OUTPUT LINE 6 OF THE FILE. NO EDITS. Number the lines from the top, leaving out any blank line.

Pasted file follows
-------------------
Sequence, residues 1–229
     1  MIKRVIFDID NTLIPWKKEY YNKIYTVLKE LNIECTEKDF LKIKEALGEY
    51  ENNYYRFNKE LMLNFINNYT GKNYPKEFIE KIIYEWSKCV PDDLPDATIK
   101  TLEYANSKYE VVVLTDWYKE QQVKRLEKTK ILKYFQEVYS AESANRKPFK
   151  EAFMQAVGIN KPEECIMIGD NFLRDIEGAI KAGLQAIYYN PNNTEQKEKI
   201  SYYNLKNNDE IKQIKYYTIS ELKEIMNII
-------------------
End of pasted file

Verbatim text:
   201  SYYNLKNNDE IKQIKYYTIS ELKEIMNII